1. Stop bankers from making huge, risky bets with other peoples’ money. At the least, require they back their bets with a large percentage of their own capital, and bar them from raising money off their balance sheets through derivative trades. Also require they take their pay in stock options or warrants that can’t be cashed in for at least three years, so they’ll take a longer-term view. Best of all would be a requirement that investment banks return to being partnerships and the capital on their books be their own, not yours or your pension fund’s. When investment banks were partnerships, every partner took an active interest in what every other partner and trader was doing. The real mischief started once they started selling shares to the public.
2. Prevent any bank from becoming too big to fail. Separate commercial from investment banking... Combining the basic utility with the casino only made bankers far richer and subjected you and me to risks we didn’t bargain for. If separating commercial from investment banking isn’t enough to bring all banks down to reasonable size, use antitrust laws to break them up.
3. Root out three major conflicts of interest. (1) Credit-rating agencies should no longer be paid by the companies whose issues are being rated; they should be paid by those who use their ratings. (2) Institutional investors like pension funds and mutual funds should not be getting investment advice from the same banks that profit off their investments... (3) the regional Feds that are responsible for much bank oversight should no longer be headed by presidents appointed by the region’s bankers; non-bankers should have the major say, and the regional presidents should have to be confirmed by the Senate.
..[T]he big bankers will fight every one of these with all guns blazing, and their lobbyists in full force. ... Bottom line: Genuine financial reform will be almost as difficult to achieve as real universal health care. Immense private interests are amassed against the public interest in both cases because staggering amounts of money are at stake. ...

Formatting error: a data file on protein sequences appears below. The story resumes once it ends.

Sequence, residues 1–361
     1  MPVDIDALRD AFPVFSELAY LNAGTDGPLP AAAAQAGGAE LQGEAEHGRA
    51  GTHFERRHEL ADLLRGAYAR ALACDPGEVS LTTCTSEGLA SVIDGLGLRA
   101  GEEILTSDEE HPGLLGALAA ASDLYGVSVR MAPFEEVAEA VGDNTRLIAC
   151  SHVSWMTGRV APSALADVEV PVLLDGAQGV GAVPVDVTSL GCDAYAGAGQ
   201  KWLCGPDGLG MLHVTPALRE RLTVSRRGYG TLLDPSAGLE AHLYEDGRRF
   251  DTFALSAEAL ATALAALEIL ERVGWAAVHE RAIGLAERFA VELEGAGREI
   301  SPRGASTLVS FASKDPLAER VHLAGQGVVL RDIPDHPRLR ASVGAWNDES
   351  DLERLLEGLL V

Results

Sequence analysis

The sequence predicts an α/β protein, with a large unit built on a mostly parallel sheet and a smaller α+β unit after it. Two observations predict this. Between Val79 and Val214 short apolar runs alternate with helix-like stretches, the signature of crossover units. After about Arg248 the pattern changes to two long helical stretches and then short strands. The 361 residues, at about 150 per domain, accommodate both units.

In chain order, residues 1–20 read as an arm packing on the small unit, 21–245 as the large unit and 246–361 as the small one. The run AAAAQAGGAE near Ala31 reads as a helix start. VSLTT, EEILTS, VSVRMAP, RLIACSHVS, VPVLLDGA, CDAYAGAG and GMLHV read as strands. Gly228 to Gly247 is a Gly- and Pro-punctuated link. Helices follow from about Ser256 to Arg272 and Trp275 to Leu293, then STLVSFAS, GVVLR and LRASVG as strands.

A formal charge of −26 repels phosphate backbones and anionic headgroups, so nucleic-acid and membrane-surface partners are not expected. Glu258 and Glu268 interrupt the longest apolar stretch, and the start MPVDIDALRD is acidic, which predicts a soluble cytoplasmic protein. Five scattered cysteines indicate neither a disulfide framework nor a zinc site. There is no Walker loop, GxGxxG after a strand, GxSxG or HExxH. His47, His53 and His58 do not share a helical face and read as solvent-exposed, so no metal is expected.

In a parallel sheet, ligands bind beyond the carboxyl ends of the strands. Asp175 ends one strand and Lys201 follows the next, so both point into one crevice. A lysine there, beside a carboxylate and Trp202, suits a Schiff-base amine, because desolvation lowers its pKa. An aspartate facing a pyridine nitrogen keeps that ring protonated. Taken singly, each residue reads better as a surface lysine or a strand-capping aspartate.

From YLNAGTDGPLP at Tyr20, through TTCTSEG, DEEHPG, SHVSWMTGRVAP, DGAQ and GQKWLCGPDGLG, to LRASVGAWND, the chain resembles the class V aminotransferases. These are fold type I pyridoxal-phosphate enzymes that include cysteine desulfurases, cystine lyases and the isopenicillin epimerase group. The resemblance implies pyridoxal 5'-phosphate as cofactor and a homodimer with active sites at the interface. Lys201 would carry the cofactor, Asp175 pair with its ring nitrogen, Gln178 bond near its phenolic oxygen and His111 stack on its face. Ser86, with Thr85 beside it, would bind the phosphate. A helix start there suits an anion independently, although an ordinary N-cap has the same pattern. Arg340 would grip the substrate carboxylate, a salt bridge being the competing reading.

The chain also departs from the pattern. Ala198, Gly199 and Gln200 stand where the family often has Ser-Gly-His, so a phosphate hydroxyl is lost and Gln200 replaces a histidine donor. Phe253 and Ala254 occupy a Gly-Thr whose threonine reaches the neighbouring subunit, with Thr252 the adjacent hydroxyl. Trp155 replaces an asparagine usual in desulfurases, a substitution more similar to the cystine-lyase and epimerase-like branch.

Second, George Soros:
The three steps to financial reform, by George Soros, Commentary, Financial Times: ...I am not an advocate of too much regulation. ... While markets are imperfect, regulators are even more so. ... Three principles should guide reform. First, since markets are bubble-prone, regulators must accept responsibility for preventing bubbles from growing too big. Alan Greenspan ... expressly refused that responsibility. ...
Second,... we must also control the availability of credit..., we must ... use credit controls such as margin requirements and minimum capital requirements. ... Margin and minimum capital requirements should be adjusted to suit market conditions ... to forestall ... bubbles.
Third, we must reconceptualise the meaning of market risk. The efficient market hypothesis postulates that markets tend towards equilibrium and deviations occur in a random fashion...
But the efficient market hypothesis is unrealistic. Markets are subject to imbalances... If too many participants are on the same side, positions cannot be liquidated without causing a discontinuity or, worse, a collapse. In that case the authorities may have to come to the rescue. That means that there is systemic risk ... in addition to the risks most market participants perceived prior to the crisis.
The securitisation of mortgages added a new dimension of systemic risk. Financial engineers claimed they were reducing risks through geographic diversification: in fact they were increasing them by creating an agency problem. The agents were more interested in maximising fee income than in protecting the interests of bondholders. ...
To avert a repetition, the agents must have “skin in the game” but the five per cent proposed by the administration is more symbolic than substantive. ...
It is probably impractical to separate investment banking from commercial banking as the US did with the Glass Steagull Act of 1933. But there has to be an internal firewall...
Finally, I have strong views on the regulation of derivatives. The prevailing opinion is that they ought to be traded on regulated exchanges. That is not enough. The issuance and trading of derivatives ought to be as strictly regulated as stocks. ... Custom made derivatives only serve to improve the profit margin of the financial engineers designing them. In fact, some derivatives ought not to be traded at all. ... Consider the recent bankruptcy of AbitibiBowater and that of General Motors. In both cases, some bondholders owned CDS and stood to gain more by bankruptcy than by reorganisation. It is like buying life insurance on someone else’s life and owning a licence to kill him. CDS are instruments of destruction that ought to be outlawed.